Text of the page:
The History and Significance of Solstice 

The History and Significance of Solstice 

In the summer and winter seasons, humans around the world prepare for solstices. Solstice on earth occurs twice per year and denotes the longest and shortest days of winter and summer, respectively. Throughout history, different practitioners have honored the effects that solstice brings with it, and celebrate the astrological occurrence in different and unique ways. In this article, we discuss the history of the word solstice, as well as common occurrences associated with the solstice. 

What is the history of the word “solstice”?  

The etymology of the word “solstice” is European in nature, however, the practice of observing the solstice is nearly as old as time itself. The solstice has held great significance for astrologers, farmers, practitioners of magic, and humanity as a whole. Our oldest understanding of the word comes from a Latin root word of “solstitium” in the 13th century. The length of the day was conveyed in the term, as it represented the phrase “the sun stood still,” and iterations.  

According to EtymOnline, old Englishers quickly took this phrase and made it their own, using “sunstead” in its place. This was before the common term of “solstice” rose to popularity, and many etymolgists believe that “sunstead” was a colloquialism that indicated that the “sun stood in its stead.”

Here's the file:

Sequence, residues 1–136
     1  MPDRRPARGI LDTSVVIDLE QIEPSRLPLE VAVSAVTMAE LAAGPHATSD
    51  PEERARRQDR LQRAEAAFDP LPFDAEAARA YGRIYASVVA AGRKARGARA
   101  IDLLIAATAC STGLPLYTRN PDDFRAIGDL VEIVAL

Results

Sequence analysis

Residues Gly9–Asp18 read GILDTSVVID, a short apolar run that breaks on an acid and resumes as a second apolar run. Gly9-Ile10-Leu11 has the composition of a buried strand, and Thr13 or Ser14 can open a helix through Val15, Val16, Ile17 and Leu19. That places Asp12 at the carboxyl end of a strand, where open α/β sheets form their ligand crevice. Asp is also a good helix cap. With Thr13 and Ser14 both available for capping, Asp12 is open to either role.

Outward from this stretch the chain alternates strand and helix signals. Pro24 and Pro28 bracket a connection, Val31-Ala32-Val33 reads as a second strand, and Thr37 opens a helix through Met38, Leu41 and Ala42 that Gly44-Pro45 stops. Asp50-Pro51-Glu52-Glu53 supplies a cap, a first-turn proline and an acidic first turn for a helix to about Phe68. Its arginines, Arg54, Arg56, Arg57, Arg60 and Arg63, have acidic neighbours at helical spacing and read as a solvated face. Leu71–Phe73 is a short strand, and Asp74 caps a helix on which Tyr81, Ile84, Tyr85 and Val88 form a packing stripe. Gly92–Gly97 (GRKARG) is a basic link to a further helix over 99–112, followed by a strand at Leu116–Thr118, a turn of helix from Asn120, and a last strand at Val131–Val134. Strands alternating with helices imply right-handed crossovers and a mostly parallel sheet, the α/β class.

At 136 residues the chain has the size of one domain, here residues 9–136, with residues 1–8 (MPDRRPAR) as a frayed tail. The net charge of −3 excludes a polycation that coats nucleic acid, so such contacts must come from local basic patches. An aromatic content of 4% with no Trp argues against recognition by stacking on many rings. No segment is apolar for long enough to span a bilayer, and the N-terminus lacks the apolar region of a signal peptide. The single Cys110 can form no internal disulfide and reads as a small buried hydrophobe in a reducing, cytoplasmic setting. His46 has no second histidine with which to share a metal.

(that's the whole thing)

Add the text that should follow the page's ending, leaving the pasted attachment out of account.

What happens during solstice?  

Solstice is a unique time during the year, and is often honored due to its rarity and mystic, historical nature. There are several different occurrences and happenings that are commonly associated with the solstice, which have been reported by countless individuals around the world.  

The solstices both mark important hallmarks in our planet’s weather patterns – such as the earth’s days getting shorter after summer solstice, and longer after winter solstice. Each solstice brings with it a variety of experiences that are tied to humans’ physiological response to the weather shifts.  

What can I expect during summer solstice?  

Summer solstice is the longest day of the year. During summer solstice periods, and periods leading up to the solstice, you can expect to have heightened energy and more capability to be resilient and productive. Many choose to spend these extra daylight hours outside doing fun activities or tasks they wouldn’t otherwise be doing.  

This heightened energy applies to other areas as well, where people claim that they feel more passionate about their love life or more helpful and able to contribute in their platonic relationships. Solstice affects everyone differently, but you may notice similar feelings around this time.  

What can I expect during the winter solstice?  

Winter solstice marks the shortest day of the year – and also the point after which days begin to get longer. During this time, others may feel inclined to stay inside, rest, and recharge. You may feel the need to withdraw simply due to the cold and weather elements in your area, or due to the shortened daylight hours.  

While others may see this as difficult to get through, you can attempt to shift your mentality to embrace the natural changing of the season and to look forward to the brighter days ahead.  

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